Programming

The Kinks, Locks & Twists: Environmental and Reproductive Justice Conference ™ features Women of Color from across the United States who are experts in their fields.

Scroll down for a sample of workshops offered at this year’s event.

Plenaries

During the course of the event, attendees will have the opportunity to gather for three separate plenaries.

  • Friday | August 18
    • The Intersection of Reproductive and Environmental Justice with:   
      • Karen Washington
      • Coya White Hat-Artichoker
  • Saturday | August 19
    •  #LoveSowGrow with Dorothy Roberts
    • Resistance and Resilience: our HERstory and the road ahead with Denise Oliver – Vélez

The 2017 Kinks, Locks & Twists Conference™ offers attendees 15 unique workshops over the course of Friday and Saturday.

Workshops

Bad, Boujee, and Toxic

Marissa Chan & Nourbese Flint | Black Women for Wellness

This workshop will explore the role of chemicals in our personal care products, specifically focusing on hair care and hair styling products. Participants will learn about the potential reproductive health impacts of commonly used chemicals, such as endocrine disrupting chemicals (hormone mimickers) and the connection to early puberty and menarche. In addition, conversations will surround what can be done on a personal, community, and policy level to eliminate toxics from our consumer products. Black Women for Wellness (BWW) will also share stories and insights from their research with Black hair salon workers, the impacts of occupational exposure, and what you can do as a professional or do-it-yourself hair stylist to protect your health!Cellular Love: Preventing Cancer Through Self Love

Cellular Love: Preventing Cancer Through Self Love

Dr. Jacquilen Tomas, Ali

An exploration of what cancer is, environmental factor to consider, different types of stress and thought patterns that may lead to cancer and what we can do about them. Don’t wait until you are diagnosed with cancer. Be Proactive! Love Yourself! Give Your Body The Best Support For A Healthy Life!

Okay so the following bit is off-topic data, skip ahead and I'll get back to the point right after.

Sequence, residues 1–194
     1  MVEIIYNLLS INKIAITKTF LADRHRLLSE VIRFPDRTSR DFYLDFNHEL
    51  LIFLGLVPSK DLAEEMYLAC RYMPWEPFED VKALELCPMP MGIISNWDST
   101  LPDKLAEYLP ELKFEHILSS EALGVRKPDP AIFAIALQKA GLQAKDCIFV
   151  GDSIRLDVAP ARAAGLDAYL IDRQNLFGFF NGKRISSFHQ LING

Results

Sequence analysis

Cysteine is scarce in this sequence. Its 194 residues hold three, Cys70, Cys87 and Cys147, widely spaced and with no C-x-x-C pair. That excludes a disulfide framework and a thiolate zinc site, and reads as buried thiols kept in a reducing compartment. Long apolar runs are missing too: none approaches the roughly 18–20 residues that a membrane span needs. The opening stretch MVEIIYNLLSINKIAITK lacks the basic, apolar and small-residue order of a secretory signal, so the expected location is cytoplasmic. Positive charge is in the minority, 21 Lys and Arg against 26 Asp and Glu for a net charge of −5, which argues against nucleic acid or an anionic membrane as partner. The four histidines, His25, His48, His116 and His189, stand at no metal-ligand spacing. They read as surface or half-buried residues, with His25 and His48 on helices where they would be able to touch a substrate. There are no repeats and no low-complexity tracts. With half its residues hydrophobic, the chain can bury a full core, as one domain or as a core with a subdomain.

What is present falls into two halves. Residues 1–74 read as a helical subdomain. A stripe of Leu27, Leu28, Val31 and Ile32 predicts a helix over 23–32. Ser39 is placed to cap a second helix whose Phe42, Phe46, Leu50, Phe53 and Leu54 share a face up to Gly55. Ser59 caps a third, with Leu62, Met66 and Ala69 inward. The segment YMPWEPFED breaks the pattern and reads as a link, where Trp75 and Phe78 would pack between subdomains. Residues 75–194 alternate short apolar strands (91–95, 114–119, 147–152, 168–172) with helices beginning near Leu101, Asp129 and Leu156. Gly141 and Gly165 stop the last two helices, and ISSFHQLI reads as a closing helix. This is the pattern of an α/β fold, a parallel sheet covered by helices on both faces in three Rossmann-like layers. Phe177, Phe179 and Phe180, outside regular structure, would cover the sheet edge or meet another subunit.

Curls and Condoms: What’s Your Sexual Health Regimen?

Kimberly Huggins and Brittany Brathwaite | KIMBRITIVE

The natural hair community is a dynamic and growing subculture among women of color that encourages women to reclaim who they unapologetically are by embracing their natural curls, kinks and coils.Through multiple outlets such as meetups and social media, (i.e. YouTube channels, Instagram pages, blogs, vlogs) women have open, informational and honest dialogues about their hair care regimens in order to help another improve on theirs. What if we used this same approach and sense of community to foster an environment where women can also feel just as empowered and liberated to talk about their sexual health? What if conversations about our curls happened in tandem with our conversations about condoms?

Dancing Mindfulness with Orixa

Orisha Bowers

Dancing Mindfulness with Orixa combines the seven attitudes of the ancient practice of mindfulness and dance improvisation art as a therapeutic medium to promote healing and wellness. No formal dance experience is required.

Divestin’ from Capitalism, Investin’ in Ecological Justice: Time Banking 101

Johanna James, LaTierra Piphus & Ahnna Scott | The Womanist Working Collective

This workshop is a brief orientation to the concept of Time Banking as a method of developing feasible economic alternatives to transition out of the tragedy that is Capitalism. Time banking is a practical tool that enables cooperation, interdependence, and self-determination amongst its members. For The Womanist Working Collective, this service-exchange system is a network of collective members, grassroots organizations and Black Owned Businesses operating cooperatively to share their talents and mobilize community resources and tap into networks of community support. Our futures depend on transitioning into more Ecologically Just* ways of living, instead of merely surviving off the scraps of our current system.